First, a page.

Forms of clay have been used as cosmetics since at least the Mesolithic, and the practise is still widespread in many cultures today. In South Africa such clays are gathered and sold by traditional healers in many areas, both for daily use and for specific rituals and ceremonies, with some clays being sold as sunscreens or for other medicinal purposes. The composition of such clays has been extensively studied in Eastern Cape Province, but almost no work has been carried out on cosmetic clays from other parts of South Africa.
In a paper published in the South African Journal of Science on 29 March 2017, Refilwe Morekhure-Mphahlele of the Department of Chemistry at Tshwane University of Technology and the Department of Chemical Engineering at the University of Pretoria, Walter Focke of the Institute of Applied Materials at the University of Pretoria, and Wiebke Grote of the Department of Geology at the University of Pretoria, describe the results of the chemical analysis of samples of cosmetic clays obtained from traditional healers at three locations in South Africa.
Three of these samples came from a river pool near Mtubatuba in KwaZulu-Natal, where they were sold under the isiZulu name ubumba. Two came from Nongoma, also in KwaZulu-Natal, and were again marketed as ubumba. The final sample came from the Mbaleni wetlands of Limpopo Province, where it was sold under the Tshivenda name vumba. All were sold in clear polythene bags.
The clays were found to be quite variable in composition, even when obtained from the same source, suggesting that the collectors were choosing them for their colour and texture rather than other qualities. All the clays were creamy in texture and yellowish grey in colour.
One of the samples from Mtubatuba plus the sample from the Mbaleni wetlands were comprised mainly of smectite, with significant amounts of quartz and lower amounts of kaolin and plagioclase, while the other samples were comprised chiefly of quartz, also with and lower amounts of kaolin and plagioclase. All also contained minor amounts of the titanium dioxide minerals rutile and anatase. The high levels of quartz in the clays is a potential concern, as quartz is harmful when ingested, not so much because it is directly toxic, but because the body cannot expel it, so that over time it can build up within tissues. However moderate external use of quartz-based cosmetics should not be a problem.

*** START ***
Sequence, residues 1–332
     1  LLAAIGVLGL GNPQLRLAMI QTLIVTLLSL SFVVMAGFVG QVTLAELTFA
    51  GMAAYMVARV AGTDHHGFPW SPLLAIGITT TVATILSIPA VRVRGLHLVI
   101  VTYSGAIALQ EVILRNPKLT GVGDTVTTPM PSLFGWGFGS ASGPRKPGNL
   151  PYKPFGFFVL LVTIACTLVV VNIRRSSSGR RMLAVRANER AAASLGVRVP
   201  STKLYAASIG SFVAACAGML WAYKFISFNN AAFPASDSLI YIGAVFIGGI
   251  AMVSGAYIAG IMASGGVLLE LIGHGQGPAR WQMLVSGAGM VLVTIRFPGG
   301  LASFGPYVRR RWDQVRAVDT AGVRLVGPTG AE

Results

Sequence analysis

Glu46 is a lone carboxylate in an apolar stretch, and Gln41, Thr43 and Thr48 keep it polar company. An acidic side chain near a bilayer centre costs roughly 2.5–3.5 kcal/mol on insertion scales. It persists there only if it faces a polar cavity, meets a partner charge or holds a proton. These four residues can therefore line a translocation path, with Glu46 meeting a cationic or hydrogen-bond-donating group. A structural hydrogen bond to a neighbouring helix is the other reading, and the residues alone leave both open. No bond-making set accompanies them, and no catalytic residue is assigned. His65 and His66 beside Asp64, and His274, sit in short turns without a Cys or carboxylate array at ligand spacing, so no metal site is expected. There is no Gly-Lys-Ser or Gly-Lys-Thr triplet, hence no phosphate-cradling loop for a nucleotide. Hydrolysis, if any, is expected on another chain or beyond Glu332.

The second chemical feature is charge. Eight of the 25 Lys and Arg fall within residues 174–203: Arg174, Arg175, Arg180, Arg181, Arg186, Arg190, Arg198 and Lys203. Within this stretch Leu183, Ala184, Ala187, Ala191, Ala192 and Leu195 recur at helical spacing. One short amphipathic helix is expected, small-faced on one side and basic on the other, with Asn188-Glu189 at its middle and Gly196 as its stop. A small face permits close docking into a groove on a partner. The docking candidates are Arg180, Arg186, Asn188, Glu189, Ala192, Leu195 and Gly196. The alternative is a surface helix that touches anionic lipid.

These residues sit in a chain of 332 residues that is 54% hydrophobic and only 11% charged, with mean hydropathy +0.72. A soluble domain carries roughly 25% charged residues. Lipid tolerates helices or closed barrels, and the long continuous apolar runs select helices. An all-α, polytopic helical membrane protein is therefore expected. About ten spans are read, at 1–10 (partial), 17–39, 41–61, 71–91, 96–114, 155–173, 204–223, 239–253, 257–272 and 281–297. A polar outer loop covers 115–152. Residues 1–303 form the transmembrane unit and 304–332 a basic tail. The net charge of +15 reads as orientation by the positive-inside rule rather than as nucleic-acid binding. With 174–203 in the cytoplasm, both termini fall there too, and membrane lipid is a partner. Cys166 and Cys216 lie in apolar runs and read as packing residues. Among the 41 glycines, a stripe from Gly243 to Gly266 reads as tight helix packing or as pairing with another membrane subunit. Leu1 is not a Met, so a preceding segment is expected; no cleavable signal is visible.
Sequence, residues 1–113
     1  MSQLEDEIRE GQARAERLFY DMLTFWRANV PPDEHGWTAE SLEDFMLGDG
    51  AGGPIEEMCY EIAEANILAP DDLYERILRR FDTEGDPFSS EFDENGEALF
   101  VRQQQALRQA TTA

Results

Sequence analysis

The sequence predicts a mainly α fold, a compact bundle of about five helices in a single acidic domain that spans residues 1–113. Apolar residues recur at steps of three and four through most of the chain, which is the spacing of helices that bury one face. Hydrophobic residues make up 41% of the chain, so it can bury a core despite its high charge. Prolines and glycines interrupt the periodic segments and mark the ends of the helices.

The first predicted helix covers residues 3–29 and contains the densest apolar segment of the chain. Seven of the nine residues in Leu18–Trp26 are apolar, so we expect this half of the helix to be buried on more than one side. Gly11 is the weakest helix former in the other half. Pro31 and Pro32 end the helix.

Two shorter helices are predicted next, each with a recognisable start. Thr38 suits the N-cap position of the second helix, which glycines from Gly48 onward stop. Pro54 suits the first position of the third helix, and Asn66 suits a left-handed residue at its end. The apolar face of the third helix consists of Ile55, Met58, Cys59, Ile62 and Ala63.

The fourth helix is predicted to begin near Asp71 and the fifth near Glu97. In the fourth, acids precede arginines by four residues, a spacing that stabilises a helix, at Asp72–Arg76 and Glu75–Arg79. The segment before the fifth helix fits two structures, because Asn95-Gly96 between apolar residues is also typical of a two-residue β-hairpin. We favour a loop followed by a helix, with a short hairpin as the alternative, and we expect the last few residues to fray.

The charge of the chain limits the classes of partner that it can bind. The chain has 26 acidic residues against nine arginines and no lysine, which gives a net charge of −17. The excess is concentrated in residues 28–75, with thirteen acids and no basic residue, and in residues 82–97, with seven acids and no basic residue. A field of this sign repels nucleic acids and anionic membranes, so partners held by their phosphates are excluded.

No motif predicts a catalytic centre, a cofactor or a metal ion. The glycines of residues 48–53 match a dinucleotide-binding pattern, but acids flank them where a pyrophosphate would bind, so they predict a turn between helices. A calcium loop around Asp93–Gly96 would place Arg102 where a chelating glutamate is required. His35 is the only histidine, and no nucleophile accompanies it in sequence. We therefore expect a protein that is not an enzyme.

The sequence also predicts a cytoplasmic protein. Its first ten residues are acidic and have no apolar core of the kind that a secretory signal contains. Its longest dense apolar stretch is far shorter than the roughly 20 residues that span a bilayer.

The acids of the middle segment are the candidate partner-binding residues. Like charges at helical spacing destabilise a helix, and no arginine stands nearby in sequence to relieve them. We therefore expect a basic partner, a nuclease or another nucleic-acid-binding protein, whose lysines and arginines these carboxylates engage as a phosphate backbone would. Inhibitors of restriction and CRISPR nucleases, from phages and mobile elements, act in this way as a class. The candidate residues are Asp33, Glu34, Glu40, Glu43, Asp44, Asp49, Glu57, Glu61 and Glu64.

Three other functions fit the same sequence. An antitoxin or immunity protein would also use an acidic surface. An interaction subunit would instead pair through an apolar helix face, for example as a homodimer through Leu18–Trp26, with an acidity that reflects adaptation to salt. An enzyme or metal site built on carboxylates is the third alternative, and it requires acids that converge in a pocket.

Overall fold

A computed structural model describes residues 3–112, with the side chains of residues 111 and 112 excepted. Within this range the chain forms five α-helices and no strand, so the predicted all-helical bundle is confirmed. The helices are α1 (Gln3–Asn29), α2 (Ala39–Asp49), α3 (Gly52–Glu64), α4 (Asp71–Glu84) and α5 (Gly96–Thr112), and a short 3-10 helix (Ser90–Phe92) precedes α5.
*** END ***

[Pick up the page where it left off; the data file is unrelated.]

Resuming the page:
Scanning electron micrographs showing the morphology of powder particles. V1, U2 and U3: smectite platelets; U3: kaolin flakes; W1: a titanium dioxide crystal on top of quartz agglomerates; W2: quartz agglomerate. Morekhure-Mphahlele et al. (2017).
The samples did not contain any obviously harmful elements, such as arsenic, lead or uranium, though they did contain trace amounts of chromium, copper, zinc and nickel, which are potentially harmful, as well as strontium, which is not directly harmful but which has naturally occurring radioactive isotopes, and zirconium and yttrium, which are also radioactive. Morekhure-Mphahlele et al. suggest that future work is needed to ascertain if these elements present a health risk, which will depend on the extent to which they are bound to the clay minerals or readily exchangeable and therefore bioavailable (i.e. can be absorbed into the body).
The sample from the Mbaleni wetlands was slightly acidic, whereas all of the others were slightly basic. None of the samples was likely to cause immediate harm due to its pH, but healthy Human skin is usually slightly acidic, and potentially long-term use of basic cosmetics could disrupt the natural flora of the skin (Bacteria and other micro-organisms), potentially leading to dry, sensitive, skin or even eczema.
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